Mobile Tech

What WinPho7 Won’t Have

A few features will be conspicuously absent from Microsoft’s upcoming Windows Phone 7 Series platform. These include copy and paste functions, full multitasking, and support for user-replaceable memory cards.

WinPho7 will also require that all apps be installed from the Windows Phone marketplace.

In developing the next generation for its smartphone platform, Microsoft needed a new approach — Windows Mobile devices have been losing ground to the iPhone, and Android, and critics said the company’s WinMo 6.5 update did little to liven up the Windows Mobile landscape.

That led to Redmond delay the launch of version 7 of its platform — now dubbed “Windows Phone 7 Series” — repeatedly until it came up with a different approach. WinPho7 is “different from what we’ve done in the phone space before, and it’s different from other phones,” said Charlie Kindel, who’s in charge of Microsoft’s Windows Phone developer strategy.

WinPho7 has an entirely new user interface and has been designed to take on rivals that have seen explosive growth in recent years among the consumer set.

Is Less Really More?

“Microsoft’s trying to push a more friendly experience compared to Windows Mobile 6.5, where it tried to put as many features into the device as possible, and the operating system didn’t really have a friendly user interface,” Chris Hazelton, a research director at The 451 Group, told TechNewsWorld.

Part of that more friendly experience is offering a device that has a reasonably long battery life. This might be why Microsoft decided not to offer third-party multitasking.

Cut-and-paste was a feature that iPhone lacked when it first hit the market in 2007, though other smartphones at the time carried the feature. Since then, it’s implemented cut-and-paste through a software update. Now it appears Microsoft’s platform will be the one lacking the function. However, it’s not exactly a critical feature, said Al Hilwa, a program director at IDC. “While this feature may be a public relations hot button, it’s not really a big deal,” he told TechNewsWorld. “I’ve used cut and paste once in four months on my iPhone.”

The trick is to know what to leave out. “Microsoft needs to get the checklist right in the hyper-competitive smartphone market,” Hilwa pointed out. “Achieving a level of parity with the iPhone is an important milestone, but Apple isn’t standing still, and by the time Windows Phone 7 devices ship, Apple may have created additional differentiation, and so would the other players.”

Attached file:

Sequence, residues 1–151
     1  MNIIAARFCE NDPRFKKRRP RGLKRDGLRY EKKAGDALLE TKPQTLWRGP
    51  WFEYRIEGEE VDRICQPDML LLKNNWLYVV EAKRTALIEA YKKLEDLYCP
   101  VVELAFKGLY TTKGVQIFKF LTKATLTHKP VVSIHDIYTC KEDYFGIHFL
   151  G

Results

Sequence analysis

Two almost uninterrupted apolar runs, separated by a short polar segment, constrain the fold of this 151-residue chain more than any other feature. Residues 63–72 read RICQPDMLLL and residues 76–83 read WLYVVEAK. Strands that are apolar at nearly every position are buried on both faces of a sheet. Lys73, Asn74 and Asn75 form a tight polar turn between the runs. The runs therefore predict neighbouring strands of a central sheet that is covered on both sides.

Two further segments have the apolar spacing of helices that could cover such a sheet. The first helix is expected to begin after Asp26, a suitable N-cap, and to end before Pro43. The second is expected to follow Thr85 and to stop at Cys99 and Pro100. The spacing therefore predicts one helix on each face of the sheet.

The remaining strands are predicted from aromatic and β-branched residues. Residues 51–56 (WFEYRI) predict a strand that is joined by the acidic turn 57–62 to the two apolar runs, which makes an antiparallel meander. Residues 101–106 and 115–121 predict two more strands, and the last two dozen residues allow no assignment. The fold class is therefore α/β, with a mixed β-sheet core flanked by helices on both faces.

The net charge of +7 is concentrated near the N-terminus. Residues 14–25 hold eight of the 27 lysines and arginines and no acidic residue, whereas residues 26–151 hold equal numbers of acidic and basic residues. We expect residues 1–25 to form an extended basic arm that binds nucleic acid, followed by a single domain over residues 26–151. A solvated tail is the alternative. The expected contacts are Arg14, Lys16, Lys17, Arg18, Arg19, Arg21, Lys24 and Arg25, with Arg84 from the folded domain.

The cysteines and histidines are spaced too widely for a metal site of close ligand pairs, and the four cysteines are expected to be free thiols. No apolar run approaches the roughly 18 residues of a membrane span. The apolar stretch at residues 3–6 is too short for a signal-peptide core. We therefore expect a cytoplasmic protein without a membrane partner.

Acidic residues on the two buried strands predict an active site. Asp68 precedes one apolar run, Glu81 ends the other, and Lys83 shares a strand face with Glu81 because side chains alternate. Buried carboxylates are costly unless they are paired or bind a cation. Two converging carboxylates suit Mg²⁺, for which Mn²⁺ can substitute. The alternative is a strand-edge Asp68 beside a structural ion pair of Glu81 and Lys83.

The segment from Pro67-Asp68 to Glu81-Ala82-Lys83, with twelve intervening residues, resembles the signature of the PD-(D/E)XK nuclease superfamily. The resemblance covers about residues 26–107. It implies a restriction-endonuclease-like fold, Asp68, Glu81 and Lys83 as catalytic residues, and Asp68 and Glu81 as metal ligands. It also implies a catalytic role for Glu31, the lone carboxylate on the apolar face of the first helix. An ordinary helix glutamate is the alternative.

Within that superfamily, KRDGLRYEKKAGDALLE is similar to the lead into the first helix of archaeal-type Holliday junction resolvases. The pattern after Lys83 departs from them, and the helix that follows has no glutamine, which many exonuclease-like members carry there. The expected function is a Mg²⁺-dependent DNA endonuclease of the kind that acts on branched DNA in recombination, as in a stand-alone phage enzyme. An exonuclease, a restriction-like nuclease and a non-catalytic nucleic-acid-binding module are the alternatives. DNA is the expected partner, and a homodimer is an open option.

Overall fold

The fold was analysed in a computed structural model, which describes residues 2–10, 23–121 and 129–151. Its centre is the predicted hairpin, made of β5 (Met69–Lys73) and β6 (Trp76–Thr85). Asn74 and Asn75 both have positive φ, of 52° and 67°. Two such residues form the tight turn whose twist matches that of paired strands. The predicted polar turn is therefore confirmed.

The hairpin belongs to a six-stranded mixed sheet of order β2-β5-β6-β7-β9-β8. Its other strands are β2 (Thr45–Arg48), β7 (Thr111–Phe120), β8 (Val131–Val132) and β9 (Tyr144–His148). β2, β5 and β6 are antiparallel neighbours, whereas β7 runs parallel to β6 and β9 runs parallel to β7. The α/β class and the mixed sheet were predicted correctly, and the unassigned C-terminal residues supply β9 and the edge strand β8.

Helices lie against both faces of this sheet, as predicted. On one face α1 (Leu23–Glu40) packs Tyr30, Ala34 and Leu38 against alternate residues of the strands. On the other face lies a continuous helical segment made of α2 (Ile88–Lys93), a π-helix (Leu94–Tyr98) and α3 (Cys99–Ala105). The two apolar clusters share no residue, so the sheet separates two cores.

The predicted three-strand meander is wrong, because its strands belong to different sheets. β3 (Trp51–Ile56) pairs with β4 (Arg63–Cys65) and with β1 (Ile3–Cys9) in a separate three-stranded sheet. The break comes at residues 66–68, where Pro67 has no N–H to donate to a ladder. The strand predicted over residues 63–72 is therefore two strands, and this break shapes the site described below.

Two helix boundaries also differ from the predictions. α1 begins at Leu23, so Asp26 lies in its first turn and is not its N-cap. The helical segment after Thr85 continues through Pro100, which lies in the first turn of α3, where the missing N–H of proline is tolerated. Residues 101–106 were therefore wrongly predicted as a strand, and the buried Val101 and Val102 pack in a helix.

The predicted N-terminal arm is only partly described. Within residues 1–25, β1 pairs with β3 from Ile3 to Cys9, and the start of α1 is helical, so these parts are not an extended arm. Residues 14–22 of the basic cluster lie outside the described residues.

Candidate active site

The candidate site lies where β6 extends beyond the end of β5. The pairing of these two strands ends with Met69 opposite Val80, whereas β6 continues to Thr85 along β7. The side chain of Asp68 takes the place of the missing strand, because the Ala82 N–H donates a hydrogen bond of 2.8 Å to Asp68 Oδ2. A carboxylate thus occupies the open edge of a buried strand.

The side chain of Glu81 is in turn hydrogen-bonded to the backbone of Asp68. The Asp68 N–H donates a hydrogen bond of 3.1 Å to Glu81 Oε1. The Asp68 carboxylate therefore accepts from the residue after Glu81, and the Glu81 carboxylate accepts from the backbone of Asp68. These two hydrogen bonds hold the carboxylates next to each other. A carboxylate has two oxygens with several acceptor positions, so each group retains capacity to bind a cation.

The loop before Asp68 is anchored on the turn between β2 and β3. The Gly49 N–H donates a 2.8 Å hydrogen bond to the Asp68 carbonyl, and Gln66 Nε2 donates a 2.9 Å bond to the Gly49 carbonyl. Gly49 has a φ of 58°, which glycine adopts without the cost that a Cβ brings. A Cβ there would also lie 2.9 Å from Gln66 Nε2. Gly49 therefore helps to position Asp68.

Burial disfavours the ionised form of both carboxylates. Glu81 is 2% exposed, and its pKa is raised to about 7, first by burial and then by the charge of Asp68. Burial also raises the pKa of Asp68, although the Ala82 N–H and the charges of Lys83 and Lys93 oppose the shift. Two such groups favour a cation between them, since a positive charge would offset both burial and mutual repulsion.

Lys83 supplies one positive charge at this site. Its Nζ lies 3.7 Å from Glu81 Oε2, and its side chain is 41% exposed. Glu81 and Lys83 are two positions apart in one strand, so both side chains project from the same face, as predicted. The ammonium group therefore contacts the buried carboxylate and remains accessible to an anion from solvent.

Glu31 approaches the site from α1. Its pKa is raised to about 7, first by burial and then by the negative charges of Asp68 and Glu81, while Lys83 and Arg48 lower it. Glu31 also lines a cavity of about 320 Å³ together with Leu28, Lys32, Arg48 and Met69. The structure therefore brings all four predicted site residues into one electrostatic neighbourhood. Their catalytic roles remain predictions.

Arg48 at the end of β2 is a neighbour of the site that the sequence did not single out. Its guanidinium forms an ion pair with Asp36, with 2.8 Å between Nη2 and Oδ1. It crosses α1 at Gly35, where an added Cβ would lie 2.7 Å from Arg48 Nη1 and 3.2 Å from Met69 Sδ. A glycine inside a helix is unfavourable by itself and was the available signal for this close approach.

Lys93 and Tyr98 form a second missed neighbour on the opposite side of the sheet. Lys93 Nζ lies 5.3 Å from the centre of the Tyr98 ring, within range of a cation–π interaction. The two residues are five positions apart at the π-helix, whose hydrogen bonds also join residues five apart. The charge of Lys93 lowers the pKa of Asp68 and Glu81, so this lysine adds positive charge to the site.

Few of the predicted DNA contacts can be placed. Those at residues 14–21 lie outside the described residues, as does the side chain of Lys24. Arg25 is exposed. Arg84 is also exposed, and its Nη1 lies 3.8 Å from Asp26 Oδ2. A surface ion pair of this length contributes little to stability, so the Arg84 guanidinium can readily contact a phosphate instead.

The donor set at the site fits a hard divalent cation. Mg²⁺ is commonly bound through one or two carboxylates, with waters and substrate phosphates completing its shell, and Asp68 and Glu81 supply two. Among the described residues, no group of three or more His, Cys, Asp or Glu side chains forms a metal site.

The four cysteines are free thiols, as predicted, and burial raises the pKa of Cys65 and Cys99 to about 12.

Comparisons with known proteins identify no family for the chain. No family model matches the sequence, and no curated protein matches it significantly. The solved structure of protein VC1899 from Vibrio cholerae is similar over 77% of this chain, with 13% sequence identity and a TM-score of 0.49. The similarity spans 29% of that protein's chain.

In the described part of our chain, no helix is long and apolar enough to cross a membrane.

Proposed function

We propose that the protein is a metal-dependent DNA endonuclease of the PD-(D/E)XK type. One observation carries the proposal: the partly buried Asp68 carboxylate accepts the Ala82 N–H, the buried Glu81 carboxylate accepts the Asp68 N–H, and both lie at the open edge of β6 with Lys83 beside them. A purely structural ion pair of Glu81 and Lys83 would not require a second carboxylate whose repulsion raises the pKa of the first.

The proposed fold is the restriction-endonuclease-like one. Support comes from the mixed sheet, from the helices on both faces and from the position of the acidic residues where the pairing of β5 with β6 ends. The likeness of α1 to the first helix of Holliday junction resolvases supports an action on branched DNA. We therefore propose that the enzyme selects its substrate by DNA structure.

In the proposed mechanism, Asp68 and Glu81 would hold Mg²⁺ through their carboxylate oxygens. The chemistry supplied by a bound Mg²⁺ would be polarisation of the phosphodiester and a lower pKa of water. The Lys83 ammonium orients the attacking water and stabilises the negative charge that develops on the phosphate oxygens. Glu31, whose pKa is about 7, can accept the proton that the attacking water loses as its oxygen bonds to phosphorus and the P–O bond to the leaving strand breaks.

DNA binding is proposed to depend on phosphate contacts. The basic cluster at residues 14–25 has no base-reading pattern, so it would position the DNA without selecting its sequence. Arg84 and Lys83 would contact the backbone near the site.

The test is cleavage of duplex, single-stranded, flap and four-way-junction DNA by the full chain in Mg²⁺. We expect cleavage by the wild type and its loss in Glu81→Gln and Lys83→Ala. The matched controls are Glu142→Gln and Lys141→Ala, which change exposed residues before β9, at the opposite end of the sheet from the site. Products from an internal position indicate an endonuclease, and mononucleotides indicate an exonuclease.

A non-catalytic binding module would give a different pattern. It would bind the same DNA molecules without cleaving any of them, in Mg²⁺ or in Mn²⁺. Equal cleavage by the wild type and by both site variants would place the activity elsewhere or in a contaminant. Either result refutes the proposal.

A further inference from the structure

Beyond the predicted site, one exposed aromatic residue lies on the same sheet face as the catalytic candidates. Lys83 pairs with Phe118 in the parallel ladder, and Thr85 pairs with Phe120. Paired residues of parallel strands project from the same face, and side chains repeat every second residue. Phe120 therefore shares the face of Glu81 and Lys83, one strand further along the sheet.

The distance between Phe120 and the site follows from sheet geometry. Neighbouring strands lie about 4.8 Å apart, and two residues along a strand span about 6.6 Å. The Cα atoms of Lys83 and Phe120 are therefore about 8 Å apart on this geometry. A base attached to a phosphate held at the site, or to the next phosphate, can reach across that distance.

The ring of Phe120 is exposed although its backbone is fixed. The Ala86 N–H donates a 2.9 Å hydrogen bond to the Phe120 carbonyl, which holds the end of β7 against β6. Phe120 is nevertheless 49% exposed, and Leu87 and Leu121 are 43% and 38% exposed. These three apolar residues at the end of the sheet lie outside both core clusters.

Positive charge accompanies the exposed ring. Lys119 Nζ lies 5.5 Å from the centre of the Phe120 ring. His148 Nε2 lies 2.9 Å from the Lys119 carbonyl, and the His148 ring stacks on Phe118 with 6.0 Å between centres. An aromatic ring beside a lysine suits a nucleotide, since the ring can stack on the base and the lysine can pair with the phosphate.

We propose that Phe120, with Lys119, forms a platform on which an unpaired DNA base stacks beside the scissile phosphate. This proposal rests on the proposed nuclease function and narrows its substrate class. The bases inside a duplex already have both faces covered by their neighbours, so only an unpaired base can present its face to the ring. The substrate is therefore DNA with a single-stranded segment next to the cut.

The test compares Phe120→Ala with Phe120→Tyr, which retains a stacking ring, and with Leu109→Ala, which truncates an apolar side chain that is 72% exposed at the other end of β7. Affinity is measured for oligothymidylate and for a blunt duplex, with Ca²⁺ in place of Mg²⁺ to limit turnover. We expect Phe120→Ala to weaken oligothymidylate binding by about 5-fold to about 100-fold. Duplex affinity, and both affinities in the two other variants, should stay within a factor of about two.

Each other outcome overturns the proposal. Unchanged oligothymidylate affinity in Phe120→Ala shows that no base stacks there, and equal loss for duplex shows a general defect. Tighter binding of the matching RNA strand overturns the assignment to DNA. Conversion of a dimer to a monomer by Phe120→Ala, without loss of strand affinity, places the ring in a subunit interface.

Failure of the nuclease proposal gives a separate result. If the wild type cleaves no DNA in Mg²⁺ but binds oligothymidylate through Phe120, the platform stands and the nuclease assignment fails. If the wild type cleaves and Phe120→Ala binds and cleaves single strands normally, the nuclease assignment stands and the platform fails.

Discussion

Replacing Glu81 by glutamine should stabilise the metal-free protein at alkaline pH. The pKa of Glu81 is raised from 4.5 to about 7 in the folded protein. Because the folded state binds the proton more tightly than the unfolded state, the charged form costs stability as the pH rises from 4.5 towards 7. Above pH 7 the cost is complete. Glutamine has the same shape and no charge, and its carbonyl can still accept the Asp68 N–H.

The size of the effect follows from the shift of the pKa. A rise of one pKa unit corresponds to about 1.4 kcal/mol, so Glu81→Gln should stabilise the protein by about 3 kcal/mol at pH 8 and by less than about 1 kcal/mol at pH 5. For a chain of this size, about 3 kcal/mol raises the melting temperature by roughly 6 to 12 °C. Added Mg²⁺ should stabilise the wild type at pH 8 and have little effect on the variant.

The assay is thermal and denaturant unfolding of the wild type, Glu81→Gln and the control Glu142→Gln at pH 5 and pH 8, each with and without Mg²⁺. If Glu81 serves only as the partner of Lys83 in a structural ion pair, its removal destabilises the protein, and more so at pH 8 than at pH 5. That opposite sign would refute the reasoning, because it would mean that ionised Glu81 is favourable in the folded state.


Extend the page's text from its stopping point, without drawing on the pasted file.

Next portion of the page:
WinPho7 devices are scheduled to hit the market beginning around September, but Apple traditionally updates its iPhone line in June with new hardware and software.

What About Multitasking?

One feature both the iPhone and WinPho7 lack is full multitasking. Only a small handful of user-controlled processes, like music playback, are able to run in the background. Apple might add strong multitasking capabilities to the iPhone feature list in June, but it appears WinPho7 will feature as little multitasking when it hits the market as the iPhone does today.

However, that lack of multitasking may not be a problem, either. “Multitasking has to be throttled down to make devices usable,” Hilwa explained. “That makes for better battery life but, more importantly, it prevents applications from stomping all over one another and creating complexities in the user interface.”

The key is to have just the right amount of multitasking enabled and to be conservative about how many multitasking features are enabled, Hilwa said.

The Drawbacks of Conservatism

Being cautious about enabling features has a downside — — it could leave WinPho7 devices miles behind the competition.

“I’m hoping we won’t end up seeing feature phones running a smartphone operating system,” The 451 Group’s Hazelton remarked.

“Windows Phone 7 still needs a lot of features to make sure it can compete with devices coming out over the next three months — RIM is pushing out new devices, and Apple will have a new device in June,” Hazelton said.

Making Money

Whether or not WinPho7 will be profitable for Microsoft is an issue that’s still open to question. “The key to making money is smartphone applications,” IDC’s Hilwa said.

The problem is, WinPho7 can’t run apps written for Windows Mobile, and this could slow it down.

Some developers who have created apps for WinMo phones are already upset with Microsoft because they won’t be able to leverage their existing work to build apps for WinPho7, and rewriting will cost them time and money.

This could cost Redmond in the long run. “The smartphone applications market may be a multi-billion market in short order, and Microsoft needs to figure out how to monetize it better,” Hilwa said.

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